Unless professors of economics get recycled around Britain like a junk bond, it is hard to imagine that they (or any universal man) should have an equally sound grasp of what a pound might buy in Warwick and Guildford and Swansea and Newcastle.
From a North British perspective, it is clear that any definition of what a pound might buy is problematic, not to mention the question of who has the pound in their pocket and whether it is a refugee coupon or a real pound.
It is cheaper to buy a flat in Glasgow than in London, but not always cheaper to rent one, and it is cheaper to buy most kinds of food and consumer items in London.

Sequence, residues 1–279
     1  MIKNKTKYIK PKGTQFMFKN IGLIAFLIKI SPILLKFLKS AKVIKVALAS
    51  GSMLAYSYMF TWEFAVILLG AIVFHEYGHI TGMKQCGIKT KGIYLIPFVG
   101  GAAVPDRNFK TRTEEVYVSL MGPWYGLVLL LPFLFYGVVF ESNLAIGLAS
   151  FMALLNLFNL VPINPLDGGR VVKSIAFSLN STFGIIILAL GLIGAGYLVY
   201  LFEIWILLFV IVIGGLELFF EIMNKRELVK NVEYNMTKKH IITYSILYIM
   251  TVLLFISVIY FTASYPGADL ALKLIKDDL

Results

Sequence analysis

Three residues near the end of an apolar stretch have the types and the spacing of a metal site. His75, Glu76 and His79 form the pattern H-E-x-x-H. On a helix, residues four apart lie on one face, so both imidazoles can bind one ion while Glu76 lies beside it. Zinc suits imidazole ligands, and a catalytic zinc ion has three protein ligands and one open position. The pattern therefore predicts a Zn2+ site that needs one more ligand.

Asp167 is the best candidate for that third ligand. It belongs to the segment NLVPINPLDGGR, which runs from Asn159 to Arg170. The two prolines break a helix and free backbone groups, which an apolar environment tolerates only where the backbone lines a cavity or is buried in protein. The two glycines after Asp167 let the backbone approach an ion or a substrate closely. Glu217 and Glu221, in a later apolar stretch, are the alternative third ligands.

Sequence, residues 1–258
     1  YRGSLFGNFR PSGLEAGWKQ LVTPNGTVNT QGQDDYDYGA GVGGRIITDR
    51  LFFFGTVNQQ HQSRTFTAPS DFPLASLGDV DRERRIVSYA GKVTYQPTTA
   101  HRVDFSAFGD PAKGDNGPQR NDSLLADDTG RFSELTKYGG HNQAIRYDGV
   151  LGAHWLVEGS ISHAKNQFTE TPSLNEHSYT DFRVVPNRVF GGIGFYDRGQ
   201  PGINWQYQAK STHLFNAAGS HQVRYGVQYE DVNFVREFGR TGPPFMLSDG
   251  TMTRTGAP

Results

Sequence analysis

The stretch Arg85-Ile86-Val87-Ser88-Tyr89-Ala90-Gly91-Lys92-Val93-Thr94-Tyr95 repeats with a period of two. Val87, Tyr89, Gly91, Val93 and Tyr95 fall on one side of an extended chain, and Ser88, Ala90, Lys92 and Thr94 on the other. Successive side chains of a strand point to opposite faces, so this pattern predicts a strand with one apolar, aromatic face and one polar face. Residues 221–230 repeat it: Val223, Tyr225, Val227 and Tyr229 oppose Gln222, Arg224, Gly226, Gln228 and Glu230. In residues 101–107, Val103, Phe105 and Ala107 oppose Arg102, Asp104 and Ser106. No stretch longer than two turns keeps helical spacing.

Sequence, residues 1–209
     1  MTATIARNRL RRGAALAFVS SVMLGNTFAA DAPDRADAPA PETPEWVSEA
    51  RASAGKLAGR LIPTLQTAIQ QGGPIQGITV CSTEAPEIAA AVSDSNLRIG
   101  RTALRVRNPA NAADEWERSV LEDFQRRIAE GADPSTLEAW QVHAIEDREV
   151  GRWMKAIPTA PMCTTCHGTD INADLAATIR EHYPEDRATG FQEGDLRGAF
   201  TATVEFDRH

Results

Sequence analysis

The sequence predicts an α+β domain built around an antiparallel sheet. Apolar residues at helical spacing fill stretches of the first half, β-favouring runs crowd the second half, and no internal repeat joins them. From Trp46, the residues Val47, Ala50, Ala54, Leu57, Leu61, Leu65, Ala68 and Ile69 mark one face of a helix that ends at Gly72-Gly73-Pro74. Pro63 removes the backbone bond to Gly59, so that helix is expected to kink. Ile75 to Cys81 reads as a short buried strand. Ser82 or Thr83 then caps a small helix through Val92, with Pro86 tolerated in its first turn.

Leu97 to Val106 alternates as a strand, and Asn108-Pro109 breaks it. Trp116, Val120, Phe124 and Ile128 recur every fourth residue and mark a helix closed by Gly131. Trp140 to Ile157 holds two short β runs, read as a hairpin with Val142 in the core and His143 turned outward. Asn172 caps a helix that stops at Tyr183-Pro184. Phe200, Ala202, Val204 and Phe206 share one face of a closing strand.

The main reason why North British graduates in my discipline do not work in the Southeast is because the universities of the golden triangle normally appoint from their own and certainly do not, in my experience, shortlist those from North British departments. Perhaps this complacency owes something to an item ignored by Oswald, the London weighting allowance.
If London is too expensive to conduct university activities, the rational economic policy is not to pour in more money but to invest in universities where housing and accommodation are cheaper and relocate the appropriate library and technical resources to them. This not only provides better value but helps regenerate their economies.
Robert Gibbs Renfrew Street, Glasgow